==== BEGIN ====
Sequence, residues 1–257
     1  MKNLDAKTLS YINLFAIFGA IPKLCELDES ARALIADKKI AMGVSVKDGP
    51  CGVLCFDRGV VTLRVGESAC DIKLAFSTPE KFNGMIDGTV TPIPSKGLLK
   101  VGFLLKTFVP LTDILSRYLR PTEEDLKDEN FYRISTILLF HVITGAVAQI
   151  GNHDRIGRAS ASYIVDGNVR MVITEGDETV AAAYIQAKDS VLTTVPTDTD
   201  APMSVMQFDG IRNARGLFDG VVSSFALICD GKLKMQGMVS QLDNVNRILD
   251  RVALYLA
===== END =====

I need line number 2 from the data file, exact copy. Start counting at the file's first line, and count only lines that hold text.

     1  MKNLDAKTLS YINLFAIFGA IPKLCELDES ARALIADKKI AMGVSVKDGP